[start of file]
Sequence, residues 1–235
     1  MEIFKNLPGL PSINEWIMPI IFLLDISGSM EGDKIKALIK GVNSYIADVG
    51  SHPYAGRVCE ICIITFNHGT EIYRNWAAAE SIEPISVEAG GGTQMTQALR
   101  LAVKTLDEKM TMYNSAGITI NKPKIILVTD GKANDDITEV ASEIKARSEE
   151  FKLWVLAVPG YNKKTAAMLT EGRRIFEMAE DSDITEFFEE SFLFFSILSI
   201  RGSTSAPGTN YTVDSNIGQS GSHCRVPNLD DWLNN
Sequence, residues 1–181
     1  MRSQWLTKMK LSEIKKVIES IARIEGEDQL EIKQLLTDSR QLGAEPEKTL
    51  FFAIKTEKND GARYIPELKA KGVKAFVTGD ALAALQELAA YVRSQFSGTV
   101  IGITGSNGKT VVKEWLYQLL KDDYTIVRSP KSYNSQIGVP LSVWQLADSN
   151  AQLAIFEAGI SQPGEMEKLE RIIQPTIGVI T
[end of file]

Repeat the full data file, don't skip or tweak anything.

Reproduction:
Sequence, residues 1–235
     1  MEIFKNLPGL PSINEWIMPI IFLLDISGSM EGDKIKALIK GVNSYIADVG
    51  SHPYAGRVCE ICIITFNHGT EIYRNWAAAE SIEPISVEAG GGTQMTQALR
   101  LAVKTLDEKM TMYNSAGITI NKPKIILVTD GKANDDITEV ASEIKARSEE
   151  FKLWVLAVPG YNKKTAAMLT EGRRIFEMAE DSDITEFFEE SFLFFSILSI
   201  RGSTSAPGTN YTVDSNIGQS GSHCRVPNLD DWLNN
Sequence, residues 1–181
     1  MRSQWLTKMK LSEIKKVIES IARIEGEDQL EIKQLLTDSR QLGAEPEKTL
    51  FFAIKTEKND GARYIPELKA KGVKAFVTGD ALAALQELAA YVRSQFSGTV
   101  IGITGSNGKT VVKEWLYQLL KDDYTIVRSP KSYNSQIGVP LSVWQLADSN
   151  AQLAIFEAGI SQPGEMEKLE RIIQPTIGVI T